That's pretty clever!
I think I heard intelligence described as maintaining a certain average... for example, you're presented with a random variable, your task is to come up with an offset to maintain a certain average. You won't get it perfectly right, but if your average has lower variance than the original random variable, then you're doing well. In other words, you take input, and adjusting to it...
For example, a cell maintains it's state such that metabolism continues to happen. Environment gives it varying inputs, and it must adjust to maintain state to keep chemical reactions going (when it stops doing that, it dies)... (usually by having a lot less variation inside than outside presents it with).
For a cell, that `maintenance' logic could've been achieved via selection (evolution, cells that weren't good at maintaining state didn't live long).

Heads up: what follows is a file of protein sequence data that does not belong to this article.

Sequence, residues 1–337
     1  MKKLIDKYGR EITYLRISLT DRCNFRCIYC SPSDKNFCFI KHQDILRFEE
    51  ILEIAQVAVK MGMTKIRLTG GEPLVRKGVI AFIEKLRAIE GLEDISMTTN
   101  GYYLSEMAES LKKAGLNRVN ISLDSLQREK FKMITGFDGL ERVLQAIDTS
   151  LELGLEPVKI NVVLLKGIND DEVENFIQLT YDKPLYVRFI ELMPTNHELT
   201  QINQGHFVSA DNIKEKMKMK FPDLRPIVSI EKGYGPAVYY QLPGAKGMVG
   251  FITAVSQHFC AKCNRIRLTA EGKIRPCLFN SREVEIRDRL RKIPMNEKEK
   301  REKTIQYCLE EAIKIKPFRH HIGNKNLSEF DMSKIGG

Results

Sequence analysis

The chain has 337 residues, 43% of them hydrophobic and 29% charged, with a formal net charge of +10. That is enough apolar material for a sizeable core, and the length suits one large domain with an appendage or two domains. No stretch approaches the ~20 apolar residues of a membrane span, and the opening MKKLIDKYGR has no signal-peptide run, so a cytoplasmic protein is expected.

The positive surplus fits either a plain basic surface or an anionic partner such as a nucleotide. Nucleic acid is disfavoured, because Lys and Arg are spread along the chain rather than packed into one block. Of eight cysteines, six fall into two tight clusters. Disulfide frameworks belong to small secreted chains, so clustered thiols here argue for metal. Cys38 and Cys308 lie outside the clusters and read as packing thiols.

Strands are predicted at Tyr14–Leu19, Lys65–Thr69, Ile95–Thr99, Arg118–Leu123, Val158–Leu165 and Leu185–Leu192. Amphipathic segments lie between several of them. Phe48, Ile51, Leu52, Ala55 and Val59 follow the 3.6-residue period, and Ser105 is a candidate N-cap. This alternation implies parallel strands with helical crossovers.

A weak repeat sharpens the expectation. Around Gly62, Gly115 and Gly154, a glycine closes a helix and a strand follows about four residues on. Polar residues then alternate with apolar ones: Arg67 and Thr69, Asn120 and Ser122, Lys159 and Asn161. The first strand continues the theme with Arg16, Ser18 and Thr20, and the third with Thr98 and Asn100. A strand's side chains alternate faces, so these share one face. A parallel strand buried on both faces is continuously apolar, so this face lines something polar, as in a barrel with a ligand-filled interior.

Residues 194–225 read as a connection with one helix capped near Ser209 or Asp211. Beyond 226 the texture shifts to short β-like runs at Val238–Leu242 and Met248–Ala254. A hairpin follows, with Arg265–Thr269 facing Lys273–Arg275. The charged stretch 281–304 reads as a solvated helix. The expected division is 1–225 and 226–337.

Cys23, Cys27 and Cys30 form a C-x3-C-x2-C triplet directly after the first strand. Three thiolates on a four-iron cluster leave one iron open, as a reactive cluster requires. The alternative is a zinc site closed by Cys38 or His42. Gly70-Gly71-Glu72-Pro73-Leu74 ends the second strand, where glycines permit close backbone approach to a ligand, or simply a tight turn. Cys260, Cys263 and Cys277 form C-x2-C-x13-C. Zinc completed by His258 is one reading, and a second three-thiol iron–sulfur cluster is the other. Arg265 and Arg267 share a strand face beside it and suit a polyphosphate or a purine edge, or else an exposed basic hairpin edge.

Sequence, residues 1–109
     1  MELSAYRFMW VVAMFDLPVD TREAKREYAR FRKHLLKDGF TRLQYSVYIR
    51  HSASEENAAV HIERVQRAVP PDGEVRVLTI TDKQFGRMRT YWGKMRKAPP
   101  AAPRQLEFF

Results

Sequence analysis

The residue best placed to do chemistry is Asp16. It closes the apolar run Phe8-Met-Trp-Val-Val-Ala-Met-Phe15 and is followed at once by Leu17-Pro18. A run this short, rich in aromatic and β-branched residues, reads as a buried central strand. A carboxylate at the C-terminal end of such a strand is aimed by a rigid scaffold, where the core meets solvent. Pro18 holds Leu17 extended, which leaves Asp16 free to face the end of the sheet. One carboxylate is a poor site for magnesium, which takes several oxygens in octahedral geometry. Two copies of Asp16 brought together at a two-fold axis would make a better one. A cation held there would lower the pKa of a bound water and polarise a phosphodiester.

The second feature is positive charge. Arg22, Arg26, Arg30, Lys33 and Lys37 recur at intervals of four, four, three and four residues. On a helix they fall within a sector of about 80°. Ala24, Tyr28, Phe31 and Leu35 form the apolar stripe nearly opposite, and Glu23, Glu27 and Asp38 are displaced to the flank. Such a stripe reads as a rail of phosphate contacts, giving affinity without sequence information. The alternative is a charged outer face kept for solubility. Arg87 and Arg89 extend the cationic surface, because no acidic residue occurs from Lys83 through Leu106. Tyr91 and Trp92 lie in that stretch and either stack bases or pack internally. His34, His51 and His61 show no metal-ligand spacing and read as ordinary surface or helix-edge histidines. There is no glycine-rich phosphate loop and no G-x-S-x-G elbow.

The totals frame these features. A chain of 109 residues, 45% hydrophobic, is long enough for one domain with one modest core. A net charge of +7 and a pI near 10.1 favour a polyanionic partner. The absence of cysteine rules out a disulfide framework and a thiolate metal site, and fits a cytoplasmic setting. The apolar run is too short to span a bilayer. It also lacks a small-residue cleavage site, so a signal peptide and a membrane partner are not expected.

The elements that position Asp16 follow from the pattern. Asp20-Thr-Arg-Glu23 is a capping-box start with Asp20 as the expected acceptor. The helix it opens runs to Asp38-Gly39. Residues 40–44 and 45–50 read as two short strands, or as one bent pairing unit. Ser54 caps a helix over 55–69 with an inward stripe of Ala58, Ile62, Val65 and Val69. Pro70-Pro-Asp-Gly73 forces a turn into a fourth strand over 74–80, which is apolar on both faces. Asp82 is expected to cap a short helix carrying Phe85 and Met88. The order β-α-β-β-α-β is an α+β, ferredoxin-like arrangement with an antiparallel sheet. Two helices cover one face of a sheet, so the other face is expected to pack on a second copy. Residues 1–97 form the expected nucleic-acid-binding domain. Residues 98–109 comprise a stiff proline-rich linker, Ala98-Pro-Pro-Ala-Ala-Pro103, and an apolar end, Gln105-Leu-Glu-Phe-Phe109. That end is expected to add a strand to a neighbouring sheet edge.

Extrapolated via evolution all the way to human beings, we maintain our state (eat, drink, avoid cars, work, etc.,) to avoid dying (maintain our life to keep it going). Along the way we find more clever ways of `specializing' to obscure features of the random variables we're presented with by the environment (such as building rockets to go to the moon, etc.)
In that sense, a thermos really is `intelligent'---it maintains its ``life'' while conditions remain favorable (hot stays hot, cold stays cold, etc.,). Environment outside could get hot/cold much more frequently than the maintain internal state, etc.